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BY REV. JEN MILLER | Disclaimer: I am a screenwriter, an underground movie star and a filmmaker. Yet I am not a fan of film festivals, since they charge entrance fees that anyone who is actually underground can’t afford. This is why, two years ago, I founded “Assdance Film Festival” along with filmmaker Courtney Fathom Sell and actor Robert Prichard. Assdance had no entrance fees and the only requirement to get in was that your film had to have been rejected by another film festival. It was a huge success.
That said, I give anything a chance — especially when shit’s free. I am also, in no way, a film critic. I am actually currently lying in my sweaty bed gazing at my film collection and noticing that it contains masterpieces such as the Mark Harmon vehicle “Summer School” and the pivotal ‛80s film, “Hardbodies.” The only movie I like that lacks sex, drugs and violence is “The Wizard of Oz” — probably because it makes me feel like I’m on drugs. (Though it could be argued the poppy field scene is ripe with drug references, the house falling on the witch is violent and there’s no sex but they make up for it with midgets.)
But when offered a chance to review a movie at the Tribeca Film Festival, I jumped at the chance, since my sparse unemployment earnings generally go to booze and scratch-off tickets, not movie tickets. My trusty editor assigned me to review a film called “Traitors,” which the press release announced was about the female leader of a fictional all-girl band that wants to make a record but can’t afford to. So the lead singer becomes a drug mule. Unfortunately, the pre-festival screening was scheduled at TEN IN THE MORNING ON A SATURDAY and I’d been up for six days on a post-break up sex and beer bender — so not only did I wake up at noon, I also didn’t realize it was Saturday. Luckily, they gave me a screener.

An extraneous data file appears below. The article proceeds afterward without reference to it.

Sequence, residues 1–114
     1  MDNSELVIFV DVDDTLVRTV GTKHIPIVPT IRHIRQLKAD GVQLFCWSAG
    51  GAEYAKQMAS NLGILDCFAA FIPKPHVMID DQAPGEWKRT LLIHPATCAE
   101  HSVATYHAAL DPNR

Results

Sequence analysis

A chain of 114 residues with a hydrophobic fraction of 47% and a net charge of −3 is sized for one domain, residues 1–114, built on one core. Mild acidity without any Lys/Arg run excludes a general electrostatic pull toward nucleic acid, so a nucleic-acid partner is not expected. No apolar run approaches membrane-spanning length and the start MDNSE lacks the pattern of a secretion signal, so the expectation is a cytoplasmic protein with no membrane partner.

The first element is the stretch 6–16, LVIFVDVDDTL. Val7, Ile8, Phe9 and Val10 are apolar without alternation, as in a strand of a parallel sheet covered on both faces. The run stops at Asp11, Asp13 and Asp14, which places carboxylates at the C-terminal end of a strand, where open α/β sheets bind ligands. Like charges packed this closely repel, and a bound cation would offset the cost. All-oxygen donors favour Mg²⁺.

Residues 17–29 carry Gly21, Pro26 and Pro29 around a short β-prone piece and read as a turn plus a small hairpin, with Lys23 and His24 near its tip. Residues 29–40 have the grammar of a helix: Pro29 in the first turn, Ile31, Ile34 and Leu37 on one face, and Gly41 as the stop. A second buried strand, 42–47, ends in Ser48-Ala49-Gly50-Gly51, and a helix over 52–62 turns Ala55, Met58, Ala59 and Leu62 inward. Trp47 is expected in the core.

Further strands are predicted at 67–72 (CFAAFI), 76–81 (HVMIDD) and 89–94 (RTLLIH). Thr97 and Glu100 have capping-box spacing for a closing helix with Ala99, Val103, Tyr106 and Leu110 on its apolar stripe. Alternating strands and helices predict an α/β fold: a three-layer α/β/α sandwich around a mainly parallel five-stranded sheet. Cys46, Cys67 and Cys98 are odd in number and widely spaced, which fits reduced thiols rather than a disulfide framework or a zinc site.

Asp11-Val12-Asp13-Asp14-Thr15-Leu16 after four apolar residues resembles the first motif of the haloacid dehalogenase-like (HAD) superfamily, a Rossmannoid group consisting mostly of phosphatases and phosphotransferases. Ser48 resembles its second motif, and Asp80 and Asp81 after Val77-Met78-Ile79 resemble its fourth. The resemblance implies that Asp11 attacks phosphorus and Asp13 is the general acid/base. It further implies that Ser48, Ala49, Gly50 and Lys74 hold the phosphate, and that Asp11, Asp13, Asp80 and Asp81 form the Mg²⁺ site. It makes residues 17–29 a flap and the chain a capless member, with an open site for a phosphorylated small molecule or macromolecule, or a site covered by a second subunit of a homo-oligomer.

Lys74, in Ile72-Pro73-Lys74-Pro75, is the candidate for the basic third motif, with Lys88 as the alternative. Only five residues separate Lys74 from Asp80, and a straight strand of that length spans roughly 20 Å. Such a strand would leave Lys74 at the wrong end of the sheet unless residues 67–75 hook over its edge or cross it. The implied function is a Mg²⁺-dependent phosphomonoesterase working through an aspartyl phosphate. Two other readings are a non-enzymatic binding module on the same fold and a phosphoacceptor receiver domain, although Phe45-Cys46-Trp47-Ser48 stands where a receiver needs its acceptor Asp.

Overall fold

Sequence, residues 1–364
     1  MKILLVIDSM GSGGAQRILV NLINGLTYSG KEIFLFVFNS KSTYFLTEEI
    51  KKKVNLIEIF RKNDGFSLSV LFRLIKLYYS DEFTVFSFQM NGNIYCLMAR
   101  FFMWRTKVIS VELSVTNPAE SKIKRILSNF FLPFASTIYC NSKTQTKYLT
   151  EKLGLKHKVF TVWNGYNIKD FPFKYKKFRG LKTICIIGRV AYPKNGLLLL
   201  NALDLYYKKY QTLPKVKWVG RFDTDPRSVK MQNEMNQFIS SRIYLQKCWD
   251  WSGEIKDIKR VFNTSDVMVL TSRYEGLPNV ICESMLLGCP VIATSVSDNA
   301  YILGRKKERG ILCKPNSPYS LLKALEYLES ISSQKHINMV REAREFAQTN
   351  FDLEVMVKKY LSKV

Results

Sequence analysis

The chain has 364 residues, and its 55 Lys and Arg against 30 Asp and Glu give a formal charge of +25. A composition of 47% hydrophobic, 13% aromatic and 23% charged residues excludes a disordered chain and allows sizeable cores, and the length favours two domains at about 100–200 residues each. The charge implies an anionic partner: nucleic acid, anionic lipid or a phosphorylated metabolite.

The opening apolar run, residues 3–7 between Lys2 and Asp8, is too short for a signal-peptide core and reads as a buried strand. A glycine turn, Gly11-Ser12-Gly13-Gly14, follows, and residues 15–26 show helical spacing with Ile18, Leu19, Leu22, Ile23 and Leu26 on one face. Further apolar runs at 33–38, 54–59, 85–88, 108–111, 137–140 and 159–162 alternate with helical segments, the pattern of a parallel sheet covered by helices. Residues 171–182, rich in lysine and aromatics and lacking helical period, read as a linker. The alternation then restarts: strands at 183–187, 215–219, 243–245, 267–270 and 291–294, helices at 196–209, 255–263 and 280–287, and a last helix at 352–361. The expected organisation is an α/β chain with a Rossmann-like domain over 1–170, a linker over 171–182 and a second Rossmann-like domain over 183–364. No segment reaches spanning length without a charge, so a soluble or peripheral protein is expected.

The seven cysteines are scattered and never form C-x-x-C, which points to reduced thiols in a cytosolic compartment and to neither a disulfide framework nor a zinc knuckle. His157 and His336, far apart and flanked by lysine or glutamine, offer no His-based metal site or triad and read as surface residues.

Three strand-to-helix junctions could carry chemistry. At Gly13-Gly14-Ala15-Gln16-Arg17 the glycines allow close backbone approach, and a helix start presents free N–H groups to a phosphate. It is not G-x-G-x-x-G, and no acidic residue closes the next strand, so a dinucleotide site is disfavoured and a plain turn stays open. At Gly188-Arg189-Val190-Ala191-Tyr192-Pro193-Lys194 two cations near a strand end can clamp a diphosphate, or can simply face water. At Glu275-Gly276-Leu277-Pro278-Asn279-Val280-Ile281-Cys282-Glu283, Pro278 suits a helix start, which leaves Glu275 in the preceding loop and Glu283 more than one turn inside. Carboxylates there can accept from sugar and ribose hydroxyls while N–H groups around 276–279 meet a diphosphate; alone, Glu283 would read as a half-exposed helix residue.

Written & Directed by Sean Gullette
In Arabic, English & French with subtitles
Runtime: 86 minutes
4/20, 6:30pm | 4/22, 9:45pm | 4/24, 5:30pm | 4/26, 6:30pm
At Bow Tie Cinemas Chelsea
260 W. 23rd St., btw. 7th & 8th Aves.
Info: tribecafilm.com or 646-502-5296
Since my BFF, Faceboy, is also too impoverished to watch the moving picture shows, I suggested we watch “Traitors” together. The first thing we noticed about the film is that it was in a language we couldn’t recognize.
“Is that French?” Faceboy asked.
“I don’t know. I’ve been drinking.”
“I don’t like to read at the movies.”
Speaking of reading, I’d misread the press release and thought the movie was set in Tasmania. (Turns out it was actually set in Tangier, but thinking it was in Tasmania was more fun.)
“Where are the spinning Looney Tunes Tasmanian Devils f**king sh*t up?” Faceboy wanted to know.
The second thing we noticed is that all the subtitles were in WHITE.
“Why are the subtitles WHITE?,” I screamed. “I can’t afford reading glasses!”
Despite our inability to discern the dialogue, we soon began to follow the plot, in which a young singer named “Malika” turns to transporting drugs to save her mother from eviction while trying to make a record. “Traitors” is beautifully shot and well-acted, but the pace is painfully slow.
As Face noted, “My fave thing about this movie are the cigarette breaks I’m taking.”
One scene involves Malika fixing a car for four minutes, after which she pronounces, “I don’t drink and I don’t smoke” — which could explain the slow pacing. All film characters should drink and smoke, a la Dom DeLuise and Burt Reynolds landing a plane in a strip mall in order to pick up more Budweiser in “The Cannonball Run.” Drinking and smoking are great plot devices because they induce characters to make bad life decisions.
Eventually, Faceboy grew frustrated. “When is Bruce Willis gonna show up and just start shootin’ everyone?”
Sadly, Bruce never does show up. The movie could have used some bj’s, some of the aforementioned Willis, some titties and a bank robbery. When Malika gets arrested and hosed down by cops, my digits were crossed that it was about to turn into a Linda Blair/woman-in-prison-style flick — but it never does. This doesn’t mean this is not a noteworthy movie; it’s just not my cup of tea. I’m depressed enough as it is.